Take me out to the ball game
If there were a competition for the world’s greatest sports fan, Joe Gross of Sharpsville would be a major candidate. He recently celebrated his 100th birthday by reminiscing with his family about his love of sports and the events he has witnessed during his lifetime.
Joe was born on March 25, 1906, on Wallace Avenue in Farrell. When he was about nine years old, a severe infection spread from a tooth into his jaw. The doctors told his mother that if he didn’t have surgery immediately, he could die. His family didn’t have any transportation, so his mother balked at the idea of walking to Buhl Hospital. She convinced the doctors to do the operation in her home.
The doctors put Joe on the kitchen table and dripped ether down his throat. They removed part of his jaw and sewed him back up from ear to ear. Amazingly, he recovered completely, but with severe scars on his face.
“When I went back to school, the kids were always hanging around me wanting to know what was wrong with my face,” he said.
After eighth grade, Joe refused to go to high school because of the way the other kids kept bothering him. He spent some of his time hanging around the Messina Produce Company to learn whatever he could. When he was 15 and still to young to work, he fibbed about his age so he could get a job at the tin mill in Farrell. He worked there until it closed down. He had various other jobs until he got hired as a stock room manager by GC Murphy. He worked his way up the ladder to become store manager. He continued with GC Murphy until he retired.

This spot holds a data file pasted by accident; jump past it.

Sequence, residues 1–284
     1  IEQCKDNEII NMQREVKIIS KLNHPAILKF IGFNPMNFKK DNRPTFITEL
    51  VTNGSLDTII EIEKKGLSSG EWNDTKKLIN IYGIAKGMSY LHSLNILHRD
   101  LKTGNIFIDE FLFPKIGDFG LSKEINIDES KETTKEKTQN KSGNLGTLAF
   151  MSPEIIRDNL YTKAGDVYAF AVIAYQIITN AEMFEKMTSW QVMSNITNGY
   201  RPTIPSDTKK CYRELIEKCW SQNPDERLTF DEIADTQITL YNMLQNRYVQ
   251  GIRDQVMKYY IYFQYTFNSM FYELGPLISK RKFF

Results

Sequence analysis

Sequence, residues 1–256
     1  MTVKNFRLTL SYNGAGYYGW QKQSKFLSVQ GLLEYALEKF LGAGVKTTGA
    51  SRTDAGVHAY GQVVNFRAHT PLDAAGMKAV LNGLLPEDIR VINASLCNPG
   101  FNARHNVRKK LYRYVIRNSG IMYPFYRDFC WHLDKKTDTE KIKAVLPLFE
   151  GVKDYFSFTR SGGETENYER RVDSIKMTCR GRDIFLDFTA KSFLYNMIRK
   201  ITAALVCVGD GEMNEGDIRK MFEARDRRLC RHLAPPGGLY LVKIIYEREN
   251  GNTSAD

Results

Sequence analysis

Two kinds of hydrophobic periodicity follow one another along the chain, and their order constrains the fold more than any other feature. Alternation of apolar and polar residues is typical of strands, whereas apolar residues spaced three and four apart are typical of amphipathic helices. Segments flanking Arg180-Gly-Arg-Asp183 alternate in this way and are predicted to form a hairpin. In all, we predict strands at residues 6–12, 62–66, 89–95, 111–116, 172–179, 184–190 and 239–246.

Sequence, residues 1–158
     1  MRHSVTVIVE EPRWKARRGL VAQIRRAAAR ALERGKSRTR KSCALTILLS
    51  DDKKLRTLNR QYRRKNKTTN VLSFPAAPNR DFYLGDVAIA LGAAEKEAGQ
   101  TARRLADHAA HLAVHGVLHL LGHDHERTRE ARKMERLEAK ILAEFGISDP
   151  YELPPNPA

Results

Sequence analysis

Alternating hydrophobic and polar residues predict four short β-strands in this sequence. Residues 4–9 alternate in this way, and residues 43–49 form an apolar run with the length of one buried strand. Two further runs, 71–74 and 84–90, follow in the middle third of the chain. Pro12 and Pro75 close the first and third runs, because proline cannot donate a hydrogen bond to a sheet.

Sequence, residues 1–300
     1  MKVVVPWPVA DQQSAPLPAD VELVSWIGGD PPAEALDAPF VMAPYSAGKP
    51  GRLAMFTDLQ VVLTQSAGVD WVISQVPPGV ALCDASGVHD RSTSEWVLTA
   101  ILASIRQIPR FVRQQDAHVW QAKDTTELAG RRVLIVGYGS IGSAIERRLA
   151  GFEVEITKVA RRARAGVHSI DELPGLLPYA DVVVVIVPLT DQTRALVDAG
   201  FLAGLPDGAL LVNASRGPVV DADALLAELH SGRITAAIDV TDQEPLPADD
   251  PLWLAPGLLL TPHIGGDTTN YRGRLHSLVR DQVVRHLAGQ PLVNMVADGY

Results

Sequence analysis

Even though he didn’t go to high school, Joe became one of Farrell High School’s biggest sports fans.
“I became interested in sports in 1920 when I saw Farrell High play in the old chicken coop,” he said. “I call it the chicken coop because they had chicken wire fencing around the floor.”
When the new gym was built about 1939, he picked out his seat before the building was completed. He bought a season ticket, and renewed it every year for more than 60 years. He rarely missed a Farrell basketball game in all those years, and still attends several each year – for free. After giving so much support for so many years, he goes as a guest of Farrell High School.
Joe’s interest in sports went far beyond high school basketball. In 1922, when he was just 16, he organized and managed an independent basketball team called the Murdoch A.C. Within a couple of years he organized several more basketball teams, including a Class A team, the Farrell Merchants.
“We won the Class A Championship in 1925-26 by defeating a tough Buhl Club team,” he said.
He also worked with his brother Marion in the formation of independent baseball and football teams. They played teams like the Youngstown Eagles and Jenning Billiards from Niles, Ohio.
On May 18, 1927, Joe married Lucille Zappa, then honeymooned in New York City. They lived on Fruit Street in Farrell, next to St. Ann’s Church, for about 20 years. Lucy was a cook for a while at the Villa Nova Italian Restaurant, and worked at Kay’s Gift Shop in the Hickory Plaza. Joe and Lucy had two sons, Peter in 1930 and Ben in 1932, and one daughter, Elizabeth (Cookie) Davis in 1940.